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Alum Hits Broadway in Breakfast at Tiffany's

Story by Meredith Ulmer '13

Cory Michael Smith ’09 has been cast as the nameless narrator (the female lead calls him Fred) in Truman Capote’s Breakfast at Tiffany’s on Broadway.

After graduating from Otterbein, Smith was cast in a variety of plays as well as film roles including two New York premieres and one United States premiere.

Smith is excited to play a part in the telling of an iconic American story. He is also excited that the story is being told more closely to the novel than the film adaptation was.

“Capote’s novella is much darker than the film. The characters are younger, World War II is raging and work and money are limited,” Smith said. “It’s a love story about two young people trying to survive and trying to find their place in the world during a time when the world is at war with each other.”

Smith attributes much of his acting success to his fine arts education at Otterbein. He credits many of his professors for helping him gain such a well-rounded education. He feels that they taught him how to think individually while understanding himself as well as the world around him. He considers himself lucky to have been cast in so many plays and learn so much.

While at Otterbein, Smith was cast in The Scene, Caucasian Chalk Circle, Who’s Afraid of Virginia Woolf?, And Baby Makes Seven, While We Were Bowling and Tartuffe.

Smith’s advice to young Otterbein actors:

A. Visualize the kind of career you want, and go after it with a plan. Set a standard for the kind of work you're willing to do. Be specific. There are a lot of different communities of artists and different kinds of theater, both in style/genre (musical theater, Shakespeare, new plays, experimental theater vs. performance art vs. burlesque, etc.) and degree of professionalism, commercialism and more. Find one that inspires you and complements your tastes and focus on entering that specific community.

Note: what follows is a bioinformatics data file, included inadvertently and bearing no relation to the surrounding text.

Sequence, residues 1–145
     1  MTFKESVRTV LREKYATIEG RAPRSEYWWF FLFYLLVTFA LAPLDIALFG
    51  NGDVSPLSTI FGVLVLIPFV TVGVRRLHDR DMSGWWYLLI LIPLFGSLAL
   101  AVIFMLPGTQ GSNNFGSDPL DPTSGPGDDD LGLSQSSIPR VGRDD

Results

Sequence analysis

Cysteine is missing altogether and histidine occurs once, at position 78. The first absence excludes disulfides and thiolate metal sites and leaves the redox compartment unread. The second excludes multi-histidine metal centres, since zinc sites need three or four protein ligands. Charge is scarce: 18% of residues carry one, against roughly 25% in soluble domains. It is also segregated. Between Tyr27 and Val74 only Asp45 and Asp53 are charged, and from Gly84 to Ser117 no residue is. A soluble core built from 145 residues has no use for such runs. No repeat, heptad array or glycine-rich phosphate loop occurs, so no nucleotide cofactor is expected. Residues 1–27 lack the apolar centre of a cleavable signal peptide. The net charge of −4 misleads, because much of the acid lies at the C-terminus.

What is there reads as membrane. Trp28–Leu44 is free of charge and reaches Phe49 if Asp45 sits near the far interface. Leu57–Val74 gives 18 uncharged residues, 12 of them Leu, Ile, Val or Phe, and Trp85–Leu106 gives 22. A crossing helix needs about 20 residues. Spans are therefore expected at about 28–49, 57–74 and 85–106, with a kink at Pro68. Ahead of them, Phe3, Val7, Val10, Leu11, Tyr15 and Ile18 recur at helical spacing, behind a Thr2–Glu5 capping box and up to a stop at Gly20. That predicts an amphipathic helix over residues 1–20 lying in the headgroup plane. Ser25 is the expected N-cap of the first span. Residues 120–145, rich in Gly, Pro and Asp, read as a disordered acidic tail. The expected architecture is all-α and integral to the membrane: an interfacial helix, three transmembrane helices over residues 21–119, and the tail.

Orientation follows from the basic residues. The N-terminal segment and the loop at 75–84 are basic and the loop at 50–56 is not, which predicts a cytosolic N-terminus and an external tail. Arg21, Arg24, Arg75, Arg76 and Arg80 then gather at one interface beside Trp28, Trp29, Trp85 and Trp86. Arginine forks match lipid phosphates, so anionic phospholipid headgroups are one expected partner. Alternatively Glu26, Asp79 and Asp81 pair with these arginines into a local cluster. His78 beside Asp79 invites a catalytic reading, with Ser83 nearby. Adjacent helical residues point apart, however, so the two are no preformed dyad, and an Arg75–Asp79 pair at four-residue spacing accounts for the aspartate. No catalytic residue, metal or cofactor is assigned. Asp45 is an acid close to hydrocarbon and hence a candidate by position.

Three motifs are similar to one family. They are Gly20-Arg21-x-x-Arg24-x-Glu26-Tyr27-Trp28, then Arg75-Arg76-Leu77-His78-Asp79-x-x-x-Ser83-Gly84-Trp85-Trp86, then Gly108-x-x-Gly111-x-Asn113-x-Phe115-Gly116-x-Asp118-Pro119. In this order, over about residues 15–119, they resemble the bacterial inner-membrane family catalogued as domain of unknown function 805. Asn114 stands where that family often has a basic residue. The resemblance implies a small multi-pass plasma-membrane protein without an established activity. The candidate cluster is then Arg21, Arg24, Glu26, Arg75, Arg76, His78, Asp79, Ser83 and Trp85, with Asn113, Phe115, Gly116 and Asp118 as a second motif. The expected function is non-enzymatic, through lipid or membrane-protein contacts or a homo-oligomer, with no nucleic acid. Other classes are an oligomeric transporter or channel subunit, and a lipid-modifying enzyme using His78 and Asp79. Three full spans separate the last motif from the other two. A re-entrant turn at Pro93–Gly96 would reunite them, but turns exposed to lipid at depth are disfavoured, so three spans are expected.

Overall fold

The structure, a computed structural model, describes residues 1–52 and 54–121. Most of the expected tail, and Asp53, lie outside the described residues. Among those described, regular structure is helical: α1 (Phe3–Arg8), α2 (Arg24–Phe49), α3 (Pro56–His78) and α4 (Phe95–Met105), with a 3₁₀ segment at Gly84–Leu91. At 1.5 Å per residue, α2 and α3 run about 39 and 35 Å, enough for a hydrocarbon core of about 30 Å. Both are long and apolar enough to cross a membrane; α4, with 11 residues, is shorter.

B. If you want to be an actor, you must learn how to run a business. You are first a start-up, working for and by yourself. This is the hardest point. You have to inspire yourself daily to do the kind of promotion that you'll eventually pay others to do for you. Eventually, you start hiring employees (agents, managers, publicists, lawyers, etc.) and paying them. At this point, you're the CEO of YOUR company. You now have to inspire these other people to work with you and for you. I currently have a core team of four people working with me. I love the team I've compiled. They're all amazing. I communicate almost daily with these four people. It's a small business. It takes a lot of time, energy, money, leadership, commitment, fortitude and humor to keep everyone inspired.

C. Work harder than any of your friends. Unfortunately, we're all competing for the same jobs. If you want the job, you have to work harder than everyone else.

D. This business is REALLY small, and it is beautifully collaborative. If people don't like working with you, you probably won't work. People hire people with whom they want to work. Be that person. Be kind to everyone. Have respect for yourself and have respect for everyone around you.

E. Enjoy the people in the industry. We get to work with and for some of the coolest cats ever. Ask questions. Listen to their stories. There's so much to learn.

“Like” Smith’s Facebook fan page.

Read The Columbus Dispatch's article on Cory Michael Smith.